EECS500 Fall 2014 Department Colloquium

Gideon Samid
Digital Money Technology -- Synergy with AI, Robotics, Distributed Processing & Innovation Productivity
White 411
October 23, 2014

Money was metal weights or coins for thousands of years before transforming to paper. Paper money is about 500 years old, and it now gives way to its ultimate abstraction -- media independent binary sequence. If the past is any guide, we stand to experience a dramatic revolution in commerce, culture -- civilization itself. Let ECCS be the pioneers in stretching our imagination to envision what is to come! Digital cash can be paid anonymously by your refrigerator sensing you are running out of eggs, by your robot outsourcing a service to a fellow robot, by your asset investment avatar pouncing on a choice stock while you are asleep. The unimagined joint power of interconnected humanity will be more deeply realized by enabling free-flowing, just compensation for efforts, solutions, service -- interchanged between strangers through digital cash. Is there a more attractive, a more exciting prospect for our department? Let's spend an hour looking deeper into this imminent future. Will also detail BitMint, an award winning non-speculative, centralized, digital money, consistent with the strictest guidelines of central banks, and law-enforcement authorities.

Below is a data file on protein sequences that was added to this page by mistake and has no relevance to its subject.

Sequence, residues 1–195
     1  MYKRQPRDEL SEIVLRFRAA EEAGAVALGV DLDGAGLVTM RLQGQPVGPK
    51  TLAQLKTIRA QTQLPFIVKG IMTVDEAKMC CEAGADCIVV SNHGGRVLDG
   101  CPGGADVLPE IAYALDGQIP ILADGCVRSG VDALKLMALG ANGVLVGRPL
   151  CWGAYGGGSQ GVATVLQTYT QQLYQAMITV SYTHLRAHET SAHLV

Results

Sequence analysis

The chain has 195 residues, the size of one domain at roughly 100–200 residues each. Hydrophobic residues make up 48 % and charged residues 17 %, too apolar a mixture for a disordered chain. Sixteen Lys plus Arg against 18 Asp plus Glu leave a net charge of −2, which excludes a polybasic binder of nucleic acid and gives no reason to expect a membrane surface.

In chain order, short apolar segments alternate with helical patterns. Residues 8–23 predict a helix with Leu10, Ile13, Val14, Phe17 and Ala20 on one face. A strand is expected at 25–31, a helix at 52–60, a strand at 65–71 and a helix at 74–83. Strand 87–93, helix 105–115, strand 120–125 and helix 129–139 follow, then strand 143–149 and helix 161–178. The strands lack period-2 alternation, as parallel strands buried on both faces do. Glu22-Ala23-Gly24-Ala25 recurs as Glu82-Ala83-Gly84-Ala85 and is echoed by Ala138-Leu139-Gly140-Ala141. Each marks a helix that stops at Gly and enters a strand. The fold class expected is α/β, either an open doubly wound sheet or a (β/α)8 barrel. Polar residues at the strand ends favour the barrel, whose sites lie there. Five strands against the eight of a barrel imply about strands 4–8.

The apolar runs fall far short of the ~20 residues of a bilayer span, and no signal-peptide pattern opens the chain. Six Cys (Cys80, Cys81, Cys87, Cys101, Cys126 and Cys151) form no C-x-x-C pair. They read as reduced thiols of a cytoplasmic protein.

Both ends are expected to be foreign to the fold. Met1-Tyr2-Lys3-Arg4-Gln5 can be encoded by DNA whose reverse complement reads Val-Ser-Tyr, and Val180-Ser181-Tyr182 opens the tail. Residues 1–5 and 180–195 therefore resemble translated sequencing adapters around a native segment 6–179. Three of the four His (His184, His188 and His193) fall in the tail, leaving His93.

Gideon Samid -- an engineer with an unusually versatile career, from the depth of coal mines (in Holland) to the height of designing earth revolving satellites (in NASA). Serving as an officer in the Israeli army, a military force planner for the Pentagon, a development engineer at Exxon, eventually finding himself running an engineering boutique in Virginia. The unifying element in his nonlinear career pathway is an attraction to quantifying intractability: estimating cost to complete, and time to finish that which is hard to complete, and difficult to finish. Gideon was intuitively driven by the conjecture that the way to solve hard problems is to gradually improve the credibility of the appraisal of how hard these problems are. In his PhD dissertation Gideon developed mathematical tools to appraise the intractability of a research and development challenge, and he later built a business based on these methodologies. Computer security was a natural attraction because cyber security is measured by the appraised difficulty to compromise one's system. Gideon filed and was granted crypto patents based on a proven intractability. These methods are of critical significance for digital currency that must insure that its underlying integrity (cracking intractability) is not a catastrophic over-estimate of reality. He filed, and was granted a digital money patent based on this thinking. The resultant product, BitMint -- bitwise money, won the First Prize for innovation in an international contest in Germany, and the company he established around it is active in Europe, China, and in the United States. His book "The Innovation Turing Machine" highlights the innovation quantification and acceleration methods. His book "The Unending CyberWar" -- his security approach. And his two recent books: "Tethered Money: Digital Currency & Social Innovation" and "The Dawn of Digital Currency" focus on what Gideon believe might emerge as the biggest story of the first half of the 21st century: paper money -- 500 years old -- giving way to money in a purely digital form.